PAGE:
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Infect Immun. Nov 2000; 68(11): 6094–6100.

Secretion of RTX Leukotoxin by Actinobacillus actinomycetemcomitans

Editor: J. T. Barbieri


Actinobacillus actinomycetemcomitans, the etiologic agent for localized juvenile periodontitis and certain other human infections, such as endocarditis, expresses a leukotoxin that acts on polymorphonuclear leukocytes and macrophages. Leukotoxin is a member of the highly conserved repeat toxin (RTX) family of bacterial toxins expressed by a variety of pathogenic bacteria. While the RTX toxins of other bacterial species are secreted, the leukotoxin of A. actinomycetemcomitans is thought to remain associated with the bacterial cell. We have examined leukotoxin production and localization in rough (adherent) and smooth (nonadherent) strains of A. actinomycetemcomitans. We found that leukotoxin expressed by the rough, adherent, clinical isolate CU1000N is indeed cell associated, as expected. However, we were surprised to find that smooth, nonadherent strains of A. actinomycetemcomitans, including Y4, JP2 (a strain expressing a high level of toxin), and CU1060N (an isogenic smooth variant of CU1000N), secrete an abundance of leukotoxin into the culture supernatants during early stages of growth. After longer times of incubation, leukotoxin disappears from the supernatants, and its loss is accompanied by the appearance of a number of low-molecular-weight polypeptides. The secreted leukotoxin is active, as evidenced by its ability to kill HL-60 cells in vitro. We found that the growth phase and initial pH of the growth medium significantly affect the abundance of secreted leukotoxin, and we have developed a rapid (<2 h) method to partially purify large amounts of leukotoxin. Remarkably, mutations in the tad genes, which are required for tight nonspecific adherence of A. actinomycetemcomitans to surfaces, cause leukotoxin to be released from the bacterial cell. These studies show that A. actinomycetemcomitans has the potential to secrete abundant leukotoxin. It is therefore appropriate to consider a possible role for leukotoxin secretion in the pathogenesis of A. actinomycetemcomitans.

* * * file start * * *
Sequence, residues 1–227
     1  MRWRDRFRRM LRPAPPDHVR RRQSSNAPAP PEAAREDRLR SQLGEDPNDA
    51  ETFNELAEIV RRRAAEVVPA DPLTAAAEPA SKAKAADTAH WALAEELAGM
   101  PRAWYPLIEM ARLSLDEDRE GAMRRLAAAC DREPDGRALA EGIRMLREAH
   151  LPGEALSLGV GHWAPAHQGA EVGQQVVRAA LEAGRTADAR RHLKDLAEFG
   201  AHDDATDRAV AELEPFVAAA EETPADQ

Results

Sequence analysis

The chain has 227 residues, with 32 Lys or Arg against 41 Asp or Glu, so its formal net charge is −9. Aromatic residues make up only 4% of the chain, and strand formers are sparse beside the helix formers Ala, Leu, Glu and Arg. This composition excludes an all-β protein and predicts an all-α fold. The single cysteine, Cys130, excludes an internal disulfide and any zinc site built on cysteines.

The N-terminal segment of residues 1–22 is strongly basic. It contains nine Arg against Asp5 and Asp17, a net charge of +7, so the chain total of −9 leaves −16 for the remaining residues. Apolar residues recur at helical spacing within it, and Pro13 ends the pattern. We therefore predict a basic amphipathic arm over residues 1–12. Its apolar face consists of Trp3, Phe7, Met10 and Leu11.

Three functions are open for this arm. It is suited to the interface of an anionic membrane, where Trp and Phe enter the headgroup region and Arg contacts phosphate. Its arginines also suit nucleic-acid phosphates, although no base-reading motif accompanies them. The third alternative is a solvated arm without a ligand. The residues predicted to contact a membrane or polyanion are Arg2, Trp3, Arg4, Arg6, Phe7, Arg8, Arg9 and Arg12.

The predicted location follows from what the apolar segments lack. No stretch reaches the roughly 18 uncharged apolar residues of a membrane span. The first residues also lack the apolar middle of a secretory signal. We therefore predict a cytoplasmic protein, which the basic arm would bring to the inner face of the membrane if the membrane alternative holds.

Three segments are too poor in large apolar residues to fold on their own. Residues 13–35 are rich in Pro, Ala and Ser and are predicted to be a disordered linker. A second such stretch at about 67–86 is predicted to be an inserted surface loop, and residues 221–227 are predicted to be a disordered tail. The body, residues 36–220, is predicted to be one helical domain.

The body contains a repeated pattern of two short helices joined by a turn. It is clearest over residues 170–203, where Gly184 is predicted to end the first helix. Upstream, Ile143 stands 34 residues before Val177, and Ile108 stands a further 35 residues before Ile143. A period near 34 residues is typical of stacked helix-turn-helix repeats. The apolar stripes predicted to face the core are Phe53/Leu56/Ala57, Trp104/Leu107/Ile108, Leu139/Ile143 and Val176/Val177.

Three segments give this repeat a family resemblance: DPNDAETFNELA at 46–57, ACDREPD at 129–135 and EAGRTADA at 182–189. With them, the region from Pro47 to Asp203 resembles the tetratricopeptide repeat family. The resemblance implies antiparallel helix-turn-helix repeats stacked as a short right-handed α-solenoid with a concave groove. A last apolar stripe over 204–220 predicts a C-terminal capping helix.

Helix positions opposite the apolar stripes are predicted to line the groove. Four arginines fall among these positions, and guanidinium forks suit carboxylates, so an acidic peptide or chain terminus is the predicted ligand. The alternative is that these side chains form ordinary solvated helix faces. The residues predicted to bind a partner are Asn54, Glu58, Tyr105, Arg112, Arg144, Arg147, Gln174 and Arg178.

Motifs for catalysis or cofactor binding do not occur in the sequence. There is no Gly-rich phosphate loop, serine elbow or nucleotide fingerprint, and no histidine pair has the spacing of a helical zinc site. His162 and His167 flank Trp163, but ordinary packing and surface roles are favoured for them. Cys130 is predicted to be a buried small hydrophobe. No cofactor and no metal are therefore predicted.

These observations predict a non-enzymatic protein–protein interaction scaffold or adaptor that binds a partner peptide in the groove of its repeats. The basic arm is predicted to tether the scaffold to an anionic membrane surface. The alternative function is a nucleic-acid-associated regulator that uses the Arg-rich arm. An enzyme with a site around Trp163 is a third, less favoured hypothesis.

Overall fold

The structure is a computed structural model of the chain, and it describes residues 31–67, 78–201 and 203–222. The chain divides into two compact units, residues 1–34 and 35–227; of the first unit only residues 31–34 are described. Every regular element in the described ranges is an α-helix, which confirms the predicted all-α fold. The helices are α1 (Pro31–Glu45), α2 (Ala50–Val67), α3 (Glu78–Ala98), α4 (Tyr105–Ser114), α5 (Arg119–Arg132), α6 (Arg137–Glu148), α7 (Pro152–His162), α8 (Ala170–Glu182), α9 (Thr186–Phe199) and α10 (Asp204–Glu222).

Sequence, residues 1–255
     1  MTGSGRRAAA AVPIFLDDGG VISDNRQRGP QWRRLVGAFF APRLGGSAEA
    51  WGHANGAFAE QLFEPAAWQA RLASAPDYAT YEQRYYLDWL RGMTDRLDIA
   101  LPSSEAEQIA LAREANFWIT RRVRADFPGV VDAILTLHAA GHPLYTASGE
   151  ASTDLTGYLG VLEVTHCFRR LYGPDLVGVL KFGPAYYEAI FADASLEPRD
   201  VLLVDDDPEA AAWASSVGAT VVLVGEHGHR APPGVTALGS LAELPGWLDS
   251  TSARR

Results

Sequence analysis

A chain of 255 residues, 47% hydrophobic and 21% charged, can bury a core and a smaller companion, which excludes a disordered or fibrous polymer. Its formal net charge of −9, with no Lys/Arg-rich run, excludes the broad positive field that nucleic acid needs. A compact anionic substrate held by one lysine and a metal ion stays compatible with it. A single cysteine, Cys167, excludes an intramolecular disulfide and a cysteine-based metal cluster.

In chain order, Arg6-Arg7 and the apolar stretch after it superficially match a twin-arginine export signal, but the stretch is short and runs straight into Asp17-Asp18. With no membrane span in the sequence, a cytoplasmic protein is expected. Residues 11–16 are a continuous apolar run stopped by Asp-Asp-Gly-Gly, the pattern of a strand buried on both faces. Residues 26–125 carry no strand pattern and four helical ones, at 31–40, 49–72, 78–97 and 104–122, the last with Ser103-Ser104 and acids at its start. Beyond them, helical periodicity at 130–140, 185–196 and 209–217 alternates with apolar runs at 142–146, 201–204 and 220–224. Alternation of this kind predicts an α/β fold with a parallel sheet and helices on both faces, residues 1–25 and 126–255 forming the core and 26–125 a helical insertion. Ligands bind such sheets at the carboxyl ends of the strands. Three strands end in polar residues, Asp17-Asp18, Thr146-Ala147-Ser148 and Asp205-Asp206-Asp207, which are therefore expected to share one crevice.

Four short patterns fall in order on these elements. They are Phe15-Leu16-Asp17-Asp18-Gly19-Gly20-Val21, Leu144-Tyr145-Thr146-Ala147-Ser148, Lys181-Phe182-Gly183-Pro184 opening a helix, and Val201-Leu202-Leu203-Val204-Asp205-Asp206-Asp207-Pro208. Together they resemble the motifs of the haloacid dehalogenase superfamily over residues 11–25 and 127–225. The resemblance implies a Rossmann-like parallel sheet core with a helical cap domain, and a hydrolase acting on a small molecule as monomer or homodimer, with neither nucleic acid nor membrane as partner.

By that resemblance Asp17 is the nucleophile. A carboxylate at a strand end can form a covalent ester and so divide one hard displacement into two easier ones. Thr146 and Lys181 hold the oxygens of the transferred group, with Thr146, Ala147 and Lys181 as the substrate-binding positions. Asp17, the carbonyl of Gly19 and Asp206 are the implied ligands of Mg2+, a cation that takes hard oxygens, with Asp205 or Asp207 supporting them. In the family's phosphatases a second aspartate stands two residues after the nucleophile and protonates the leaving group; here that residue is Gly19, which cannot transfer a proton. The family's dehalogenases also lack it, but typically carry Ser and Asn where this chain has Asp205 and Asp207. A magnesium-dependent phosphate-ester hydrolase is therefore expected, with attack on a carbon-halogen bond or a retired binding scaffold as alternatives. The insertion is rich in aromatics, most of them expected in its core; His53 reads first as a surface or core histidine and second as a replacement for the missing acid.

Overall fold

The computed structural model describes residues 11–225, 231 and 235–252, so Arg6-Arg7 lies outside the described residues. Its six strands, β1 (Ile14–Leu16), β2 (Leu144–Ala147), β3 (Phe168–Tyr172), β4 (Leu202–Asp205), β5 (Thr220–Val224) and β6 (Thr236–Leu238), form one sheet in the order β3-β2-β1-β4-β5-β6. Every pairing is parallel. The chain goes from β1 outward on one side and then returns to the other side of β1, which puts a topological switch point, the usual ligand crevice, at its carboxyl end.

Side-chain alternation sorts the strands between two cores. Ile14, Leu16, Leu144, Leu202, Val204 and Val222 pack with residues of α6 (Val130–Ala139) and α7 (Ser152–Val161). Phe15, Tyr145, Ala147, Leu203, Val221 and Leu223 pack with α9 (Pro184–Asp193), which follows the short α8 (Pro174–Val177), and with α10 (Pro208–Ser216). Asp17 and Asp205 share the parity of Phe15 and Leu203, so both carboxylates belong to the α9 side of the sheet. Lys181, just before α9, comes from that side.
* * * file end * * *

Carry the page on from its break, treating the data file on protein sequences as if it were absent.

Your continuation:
Actinobacillus actinomycetemcomitans is a gram-negative, capnophilic, facultatively anaerobic bacterium responsible for several human diseases, including localized juvenile periodontitis and infective endocarditis (14, 47, 63). Clinical isolates of A. actinomycetemcomitans form colonies that appear rough, autoaggregate, and adhere tenaciously to surfaces, such as glass, plastic, and hydroxyapatite (13). These properties are associated with the expression of characteristic long fibrils, whose presence is dependent on the tadABCDEFG genes (23). Spontaneous smooth-colony, nonadherent variants arise readily during subculture (13, 62), but it is not known if these variants have any clinical relevance. A. actinomycetemcomitans has also been reported to express several potential virulence factors (14), of which the best studied is the 116-kDa cytotoxic leukotoxin (26, 34, 35).

Leukotoxin is a member of the RTX family of toxins (33, 60, 61), which include the Escherichia coli α-hemolysin (12), Pasteurella haemolytica leukotoxin (36), Bordetella pertussis bifunctional adenylate cyclase hemolysin (17), and other related toxins in a wide range of pathogens. The toxins of the RTX family are large (>100 kDa), basic proteins that contain C-terminal glycine-rich repeats. The repeats are responsible for binding divalent calcium, which is required for toxin activity (7, 8, 9, 21). In addition, they all share the unique characteristic of being modified by lipid acylation, the only example of such a protein modification in the prokaryotic world (52). With the apparent exception of A. actinomycetemcomitans leukotoxin, which is thought to be entirely cell associated, all other RTX toxins are secreted from the bacterial cell via type I secretion (6, 29, 57, 61). The adenylate cyclase of B. pertussis is both cell associated and released into the culture medium (37). While the cell target specificity of the RTX bacterial toxins is generally broad, that of A. actinomycetemcomitans leukotoxin is highly specific for the polymorphonuclear leukocytes (PMNs) and macrophages of humans and monkeys (53, 54).